To study new and existing risk factors related to age-related macular degeneration (AMD) phenotypes in a Colorado cohort.
Age-related macular degeneration was categorized into early, intermediate, or advanced forms. Controls (n = 180) were patients with cataract and no AMD. Demographic and clinical data were gathered by patient interview and verified by chart review. Image data were reviewed by vitreoretinal specialists. Statistical analysis included univariable and multivariate logistic regression analysis (P < 0.05).
Among the 456 patients with AMD, 157 (34.4%), 80 (17.6%), and 219 (48.0%) had the early/intermediate, geographic atrophy, and neovascular forms of the disease, respectively. Adjusted for age, African-American race was associated with a reduced risk of early/intermediate (adjusted odds ratio [AOR] = 0.08, confidence interval [CI] = 0.01–0.67) and neovascular AMD (AOR = 0.15, CI = 0.03–0.72). A family history of AMD was a risk factor for early/intermediate (AOR = 4.08, CI = 2.30–7.25), geographic atrophy (AOR = 8.62, CI = 3.77–19.7), and neovascular AMD (AOR = 3.76, CI = 2.16–6.56). A history of asthma was related to the early/intermediate form of AMD (AOR = 2.34, CI = 1.22–4.46).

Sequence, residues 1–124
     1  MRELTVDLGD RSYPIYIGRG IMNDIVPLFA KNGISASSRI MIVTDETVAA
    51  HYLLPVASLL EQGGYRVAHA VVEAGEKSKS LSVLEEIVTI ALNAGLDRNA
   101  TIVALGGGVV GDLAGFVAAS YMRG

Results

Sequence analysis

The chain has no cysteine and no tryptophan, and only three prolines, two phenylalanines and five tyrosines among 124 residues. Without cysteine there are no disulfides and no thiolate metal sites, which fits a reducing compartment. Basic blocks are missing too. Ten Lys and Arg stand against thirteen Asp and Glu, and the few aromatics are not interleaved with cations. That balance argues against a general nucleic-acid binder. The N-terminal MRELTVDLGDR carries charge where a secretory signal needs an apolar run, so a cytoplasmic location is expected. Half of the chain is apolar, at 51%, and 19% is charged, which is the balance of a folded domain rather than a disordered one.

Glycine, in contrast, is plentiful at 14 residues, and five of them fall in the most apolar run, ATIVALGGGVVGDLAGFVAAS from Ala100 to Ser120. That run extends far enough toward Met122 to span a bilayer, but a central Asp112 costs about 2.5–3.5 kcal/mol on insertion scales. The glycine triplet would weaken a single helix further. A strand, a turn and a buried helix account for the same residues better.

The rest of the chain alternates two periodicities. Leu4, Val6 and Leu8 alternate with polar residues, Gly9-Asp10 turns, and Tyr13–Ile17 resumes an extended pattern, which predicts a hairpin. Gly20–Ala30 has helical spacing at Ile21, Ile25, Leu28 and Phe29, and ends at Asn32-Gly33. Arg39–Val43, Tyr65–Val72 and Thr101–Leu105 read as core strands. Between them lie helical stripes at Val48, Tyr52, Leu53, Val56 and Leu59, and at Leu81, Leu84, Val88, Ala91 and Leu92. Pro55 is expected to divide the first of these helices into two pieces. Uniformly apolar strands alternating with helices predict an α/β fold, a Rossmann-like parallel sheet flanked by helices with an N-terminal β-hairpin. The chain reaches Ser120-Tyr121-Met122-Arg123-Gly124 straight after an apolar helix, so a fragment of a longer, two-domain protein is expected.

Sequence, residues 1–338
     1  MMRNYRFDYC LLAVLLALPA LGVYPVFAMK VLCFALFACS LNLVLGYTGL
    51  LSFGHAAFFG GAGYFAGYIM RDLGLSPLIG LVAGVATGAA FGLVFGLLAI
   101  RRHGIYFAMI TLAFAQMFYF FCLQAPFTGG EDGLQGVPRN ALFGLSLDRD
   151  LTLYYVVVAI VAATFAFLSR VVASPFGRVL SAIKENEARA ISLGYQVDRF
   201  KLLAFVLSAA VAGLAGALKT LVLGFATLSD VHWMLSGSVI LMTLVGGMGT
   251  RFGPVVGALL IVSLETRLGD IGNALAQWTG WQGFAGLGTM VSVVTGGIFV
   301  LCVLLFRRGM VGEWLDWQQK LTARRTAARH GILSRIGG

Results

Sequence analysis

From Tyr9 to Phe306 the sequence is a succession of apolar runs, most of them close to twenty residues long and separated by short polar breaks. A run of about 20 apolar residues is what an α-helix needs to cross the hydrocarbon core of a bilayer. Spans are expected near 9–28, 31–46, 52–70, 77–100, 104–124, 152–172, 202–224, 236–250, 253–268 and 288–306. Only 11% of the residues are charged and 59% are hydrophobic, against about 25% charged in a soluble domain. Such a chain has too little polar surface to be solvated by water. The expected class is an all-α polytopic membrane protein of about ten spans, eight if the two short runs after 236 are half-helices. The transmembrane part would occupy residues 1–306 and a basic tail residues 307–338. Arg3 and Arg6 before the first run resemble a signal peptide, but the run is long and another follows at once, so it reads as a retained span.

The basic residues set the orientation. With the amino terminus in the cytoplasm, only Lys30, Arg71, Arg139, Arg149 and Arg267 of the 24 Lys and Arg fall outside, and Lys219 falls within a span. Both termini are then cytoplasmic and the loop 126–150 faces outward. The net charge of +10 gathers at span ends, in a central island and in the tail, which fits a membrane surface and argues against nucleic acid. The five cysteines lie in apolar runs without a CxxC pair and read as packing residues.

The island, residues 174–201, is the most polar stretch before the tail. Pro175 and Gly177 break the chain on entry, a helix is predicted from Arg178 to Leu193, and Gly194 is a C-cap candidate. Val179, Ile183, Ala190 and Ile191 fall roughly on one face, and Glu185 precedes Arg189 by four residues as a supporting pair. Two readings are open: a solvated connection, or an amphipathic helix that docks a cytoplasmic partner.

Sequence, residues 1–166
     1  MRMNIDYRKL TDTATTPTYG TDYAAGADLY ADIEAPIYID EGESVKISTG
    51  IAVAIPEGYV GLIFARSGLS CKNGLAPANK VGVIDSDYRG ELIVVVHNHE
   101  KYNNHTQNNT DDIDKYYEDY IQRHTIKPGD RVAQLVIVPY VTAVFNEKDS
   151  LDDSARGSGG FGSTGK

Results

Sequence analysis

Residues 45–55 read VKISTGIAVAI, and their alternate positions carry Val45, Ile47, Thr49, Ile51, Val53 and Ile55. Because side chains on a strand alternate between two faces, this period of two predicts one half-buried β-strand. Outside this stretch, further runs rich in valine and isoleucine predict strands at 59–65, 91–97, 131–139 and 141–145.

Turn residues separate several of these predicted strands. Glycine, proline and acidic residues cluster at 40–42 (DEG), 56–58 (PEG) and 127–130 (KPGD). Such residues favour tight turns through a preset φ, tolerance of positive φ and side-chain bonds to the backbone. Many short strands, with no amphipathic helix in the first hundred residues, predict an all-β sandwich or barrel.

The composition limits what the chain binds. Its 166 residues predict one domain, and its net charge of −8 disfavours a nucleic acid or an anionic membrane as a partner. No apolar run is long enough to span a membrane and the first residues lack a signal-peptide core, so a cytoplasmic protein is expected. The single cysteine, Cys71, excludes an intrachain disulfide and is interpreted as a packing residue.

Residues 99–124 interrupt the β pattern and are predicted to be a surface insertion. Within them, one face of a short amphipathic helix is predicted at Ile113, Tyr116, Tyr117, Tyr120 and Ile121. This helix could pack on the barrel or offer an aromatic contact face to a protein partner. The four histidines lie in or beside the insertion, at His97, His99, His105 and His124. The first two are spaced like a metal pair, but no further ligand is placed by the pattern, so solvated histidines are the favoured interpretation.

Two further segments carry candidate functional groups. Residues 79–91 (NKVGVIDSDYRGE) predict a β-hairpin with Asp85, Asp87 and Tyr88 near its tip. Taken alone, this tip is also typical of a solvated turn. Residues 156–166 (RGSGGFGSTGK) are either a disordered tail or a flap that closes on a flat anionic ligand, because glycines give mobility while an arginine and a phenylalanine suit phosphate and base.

Studying AMD in specific populations may reveal novel risk factors such as our finding of a relationship between asthma history and AMD.
1Department of Ophthalmology, University of Colorado School of Medicine, Aurora, Colorado; and
2Department of Biostatistics and Informatics, Colorado School of Public Health, Aurora, Colorado.
Reprint requests: Anne M. Lynch, MB, BCh, BAO, MSPH, Department of Ophthalmology, University of Colorado School of Medicine, Mail Stop F731, 1675 Aurora Court, Aurora, CO 80045; e-mail: Anne.Lynch@ucdenver.edu
Support from a Challenge Grant to the Department of Ophthalmology from Research to Prevent Blindness, Inc and the Frederic C. Hamilton Macular Degeneration Center.
None of the authors has any financial/conflicting interests to disclose.